Spinal cord compression
Malignant spinal cord (and cauda equina) compression is a complication seen relatively frequently in palliative care. Without rapid diagnosis and management it cause significant morbidity due to weakness in the legs +/- arms. When suspected, it should generally be investigated with an urgent (same-day) MRI and where treated with high-dose steroids and urgent neurosurgical and radiation oncology consultation. If treatment is instituted promptly there is a greater chance of recovery or maintaining reasonable neurological function. Without treatment spinal cord rapidly progresses with paralysis but even with prompt treatment, the development of spinal cord compression often heralds a relatively poor prognosis because it indicates the presence of progressive cancer.
The spinal canal is surrounded by the vertebral body, lamina, pedicles and spinous processes. Deep to this lies the epidural space which contains fat and vessels. Deep to this lies the dura and CSF (thecal sac) and deep to this lies the spinal cord (L1 and above) or the cauda equina (L2 and below). Nerve roots exit bilaterally at each level of the vertebra.
In the spinal cord itself, upper motor neurons ipsilaterally descend the spinal cord and at the level of nerve root exit they connect to lower motor neurons in the anterior horn.
Aetiology and Epidemiology
Around 5% of patients with advanced cancer develop spinal cord compression, although the risk varies depending on cancer type.
The most common causes of spinal cord compression are:
- Multiple myeloma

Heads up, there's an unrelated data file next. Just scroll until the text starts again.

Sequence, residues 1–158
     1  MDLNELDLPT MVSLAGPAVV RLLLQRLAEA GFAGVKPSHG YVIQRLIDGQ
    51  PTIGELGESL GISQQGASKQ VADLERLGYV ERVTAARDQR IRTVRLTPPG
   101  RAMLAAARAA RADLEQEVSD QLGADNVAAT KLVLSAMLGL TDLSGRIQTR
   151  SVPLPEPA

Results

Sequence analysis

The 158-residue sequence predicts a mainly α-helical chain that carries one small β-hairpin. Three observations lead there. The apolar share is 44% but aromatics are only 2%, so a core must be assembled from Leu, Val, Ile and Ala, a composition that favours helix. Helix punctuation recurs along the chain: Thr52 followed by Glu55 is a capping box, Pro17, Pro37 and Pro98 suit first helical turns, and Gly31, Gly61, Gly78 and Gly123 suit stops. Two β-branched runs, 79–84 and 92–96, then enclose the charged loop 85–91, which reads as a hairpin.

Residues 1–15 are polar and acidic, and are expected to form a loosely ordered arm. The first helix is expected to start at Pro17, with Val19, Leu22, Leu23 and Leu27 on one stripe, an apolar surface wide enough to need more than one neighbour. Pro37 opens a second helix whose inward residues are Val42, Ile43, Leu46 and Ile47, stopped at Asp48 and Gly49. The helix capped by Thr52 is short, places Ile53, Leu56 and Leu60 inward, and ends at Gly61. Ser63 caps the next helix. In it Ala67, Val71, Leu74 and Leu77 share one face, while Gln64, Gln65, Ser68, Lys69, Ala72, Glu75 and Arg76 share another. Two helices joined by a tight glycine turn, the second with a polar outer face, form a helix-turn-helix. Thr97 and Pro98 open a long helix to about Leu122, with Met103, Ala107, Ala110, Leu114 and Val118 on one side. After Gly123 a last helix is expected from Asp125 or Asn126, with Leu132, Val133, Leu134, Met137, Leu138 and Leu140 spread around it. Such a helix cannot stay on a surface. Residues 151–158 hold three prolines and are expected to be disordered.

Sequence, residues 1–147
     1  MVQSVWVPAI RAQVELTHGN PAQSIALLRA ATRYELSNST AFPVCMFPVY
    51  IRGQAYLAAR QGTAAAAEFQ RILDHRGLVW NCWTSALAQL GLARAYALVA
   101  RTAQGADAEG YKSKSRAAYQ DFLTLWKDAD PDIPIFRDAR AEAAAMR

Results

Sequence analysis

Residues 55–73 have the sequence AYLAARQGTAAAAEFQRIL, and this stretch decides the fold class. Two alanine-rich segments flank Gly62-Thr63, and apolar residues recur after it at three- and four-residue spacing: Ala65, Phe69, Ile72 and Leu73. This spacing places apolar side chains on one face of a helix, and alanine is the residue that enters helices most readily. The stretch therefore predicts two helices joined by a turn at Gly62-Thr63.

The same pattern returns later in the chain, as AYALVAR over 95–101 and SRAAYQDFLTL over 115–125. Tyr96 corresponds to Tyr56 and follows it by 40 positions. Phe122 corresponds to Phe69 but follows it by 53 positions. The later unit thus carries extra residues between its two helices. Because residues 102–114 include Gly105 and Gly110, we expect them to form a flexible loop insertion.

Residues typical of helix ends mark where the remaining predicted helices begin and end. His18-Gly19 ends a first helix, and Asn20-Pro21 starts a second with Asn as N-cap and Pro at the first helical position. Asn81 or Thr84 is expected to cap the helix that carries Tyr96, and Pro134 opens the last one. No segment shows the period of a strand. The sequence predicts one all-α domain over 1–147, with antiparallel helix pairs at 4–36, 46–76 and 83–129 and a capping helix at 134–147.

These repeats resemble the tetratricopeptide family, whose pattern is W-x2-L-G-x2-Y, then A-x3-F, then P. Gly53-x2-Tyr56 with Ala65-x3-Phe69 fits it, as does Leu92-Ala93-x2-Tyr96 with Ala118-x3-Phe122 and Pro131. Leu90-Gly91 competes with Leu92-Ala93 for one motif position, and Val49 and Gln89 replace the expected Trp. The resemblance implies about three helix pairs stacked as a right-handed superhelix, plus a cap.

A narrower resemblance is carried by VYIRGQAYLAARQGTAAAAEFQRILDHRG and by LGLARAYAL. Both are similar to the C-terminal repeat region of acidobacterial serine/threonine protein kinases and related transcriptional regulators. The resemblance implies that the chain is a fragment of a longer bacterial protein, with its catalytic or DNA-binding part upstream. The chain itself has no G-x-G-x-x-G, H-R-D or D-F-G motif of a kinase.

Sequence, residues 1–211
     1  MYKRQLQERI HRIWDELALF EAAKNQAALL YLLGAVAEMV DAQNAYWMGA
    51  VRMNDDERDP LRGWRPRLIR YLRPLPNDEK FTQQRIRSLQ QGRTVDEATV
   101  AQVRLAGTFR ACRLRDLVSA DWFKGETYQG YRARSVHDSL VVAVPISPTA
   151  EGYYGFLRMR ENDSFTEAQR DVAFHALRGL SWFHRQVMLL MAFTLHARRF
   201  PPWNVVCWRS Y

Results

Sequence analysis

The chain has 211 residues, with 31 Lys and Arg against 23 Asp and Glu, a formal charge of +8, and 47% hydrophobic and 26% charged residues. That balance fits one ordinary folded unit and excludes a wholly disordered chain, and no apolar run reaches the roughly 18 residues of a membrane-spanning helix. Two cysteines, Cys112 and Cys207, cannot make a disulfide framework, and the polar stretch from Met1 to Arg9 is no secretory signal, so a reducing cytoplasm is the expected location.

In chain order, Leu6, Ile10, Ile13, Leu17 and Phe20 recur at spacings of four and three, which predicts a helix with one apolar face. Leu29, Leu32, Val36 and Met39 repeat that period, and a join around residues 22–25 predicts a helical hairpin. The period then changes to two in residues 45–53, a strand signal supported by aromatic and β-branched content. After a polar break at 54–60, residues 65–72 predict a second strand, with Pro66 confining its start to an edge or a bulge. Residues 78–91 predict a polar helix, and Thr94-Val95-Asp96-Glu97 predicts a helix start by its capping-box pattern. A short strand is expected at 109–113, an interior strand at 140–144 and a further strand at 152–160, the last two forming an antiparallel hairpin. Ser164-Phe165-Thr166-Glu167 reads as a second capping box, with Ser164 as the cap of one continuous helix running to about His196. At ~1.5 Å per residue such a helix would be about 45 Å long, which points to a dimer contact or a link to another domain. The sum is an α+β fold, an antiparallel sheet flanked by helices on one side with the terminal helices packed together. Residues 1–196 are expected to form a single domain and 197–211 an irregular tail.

- Non-Hodgkin's lymphoma
- Prostate cancer
- Breast cancer
- Lung cancer
Spinal cord compressions are most common in thoracic spine (60% of cases) and least common in the cervical spine (10% of cases) with the remainder occur in the lumbar spine (30% of cases).
The usual mechanism of malignant spinal cord compression is metastatic spread to a vertebra followed by malignant invasion of the epidural space with compression of the the thecal sac. Oedema associated with obstruction of the epidural venous plexus occurs with eventual development of spinal cord infarction.
Spinal cord compression typically develops relatively rapidly over hours and days. Symptoms and signs vary based on the level of spinal cord involvement, although pain is almost always present.
Pain is often the initial feature of spinal cord compression and occurs in 9 out of 10 patients. Pain often develops a number of weeks prior to the development of other neurological features. The pain is well localized pain and gradually progresses. It is often worse lying down and at night. If the pain is significantly worse on movement then this can suggest spinal instability; and if it acutely worsens, this might suggest pathological fracture.
The pain may radiate along the distribution of a nerve root.
Bilateral weakness is present in the majority of patients at diagnosis. Motor signs will be consistent with the level of the spinal cord lesion. For example, spinal cord compression at the L3 vertebra will be associated with lower motor neuron signs in the legs (e.g. reduced tone, reduced power, absent reflexes, downgoing plantar response) whereas compression at a thoracic vertebra will result in upper motor neuron signs (e.g. increased tone, reduced power, increased reflexes, upgoing plantar response). If there is compression at the cervical spine there will also be some arm weakness, with lower motor neuron signs at the level of the compression and upper motor neuron signs below it.